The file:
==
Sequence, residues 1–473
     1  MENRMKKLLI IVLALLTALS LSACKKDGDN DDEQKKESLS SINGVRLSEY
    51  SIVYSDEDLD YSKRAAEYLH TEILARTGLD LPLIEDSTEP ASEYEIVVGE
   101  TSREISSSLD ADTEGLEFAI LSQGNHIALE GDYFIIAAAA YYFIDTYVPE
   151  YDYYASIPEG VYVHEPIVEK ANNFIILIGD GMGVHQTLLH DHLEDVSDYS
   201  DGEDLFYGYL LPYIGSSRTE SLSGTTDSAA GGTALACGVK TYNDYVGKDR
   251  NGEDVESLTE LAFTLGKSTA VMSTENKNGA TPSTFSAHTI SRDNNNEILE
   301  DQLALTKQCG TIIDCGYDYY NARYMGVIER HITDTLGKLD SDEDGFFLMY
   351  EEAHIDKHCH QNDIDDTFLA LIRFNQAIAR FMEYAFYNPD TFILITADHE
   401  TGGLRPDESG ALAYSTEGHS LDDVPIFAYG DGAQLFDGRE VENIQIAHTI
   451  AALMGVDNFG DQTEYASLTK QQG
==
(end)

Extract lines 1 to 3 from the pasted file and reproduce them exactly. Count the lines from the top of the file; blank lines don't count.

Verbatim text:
Sequence, residues 1–473
     1  MENRMKKLLI IVLALLTALS LSACKKDGDN DDEQKKESLS SINGVRLSEY
    51  SIVYSDEDLD YSKRAAEYLH TEILARTGLD LPLIEDSTEP ASEYEIVVGE